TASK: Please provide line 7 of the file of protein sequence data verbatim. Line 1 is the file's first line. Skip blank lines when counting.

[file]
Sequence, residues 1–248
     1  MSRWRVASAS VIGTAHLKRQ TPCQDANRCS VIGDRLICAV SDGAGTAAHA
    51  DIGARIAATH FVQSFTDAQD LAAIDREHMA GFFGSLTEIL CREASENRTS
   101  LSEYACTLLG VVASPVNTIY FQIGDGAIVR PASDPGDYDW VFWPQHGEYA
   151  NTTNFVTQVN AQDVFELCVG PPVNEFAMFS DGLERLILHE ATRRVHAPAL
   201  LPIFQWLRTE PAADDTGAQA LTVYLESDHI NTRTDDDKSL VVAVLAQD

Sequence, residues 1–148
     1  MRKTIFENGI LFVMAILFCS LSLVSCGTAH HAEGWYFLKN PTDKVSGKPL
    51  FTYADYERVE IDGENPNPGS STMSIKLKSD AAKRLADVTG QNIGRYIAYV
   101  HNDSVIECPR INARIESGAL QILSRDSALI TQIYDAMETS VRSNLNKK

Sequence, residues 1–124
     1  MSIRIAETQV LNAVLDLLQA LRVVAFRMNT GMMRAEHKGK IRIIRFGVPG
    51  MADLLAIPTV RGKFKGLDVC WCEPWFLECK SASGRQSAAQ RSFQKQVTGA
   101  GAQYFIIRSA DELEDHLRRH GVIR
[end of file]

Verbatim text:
Sequence, residues 1–148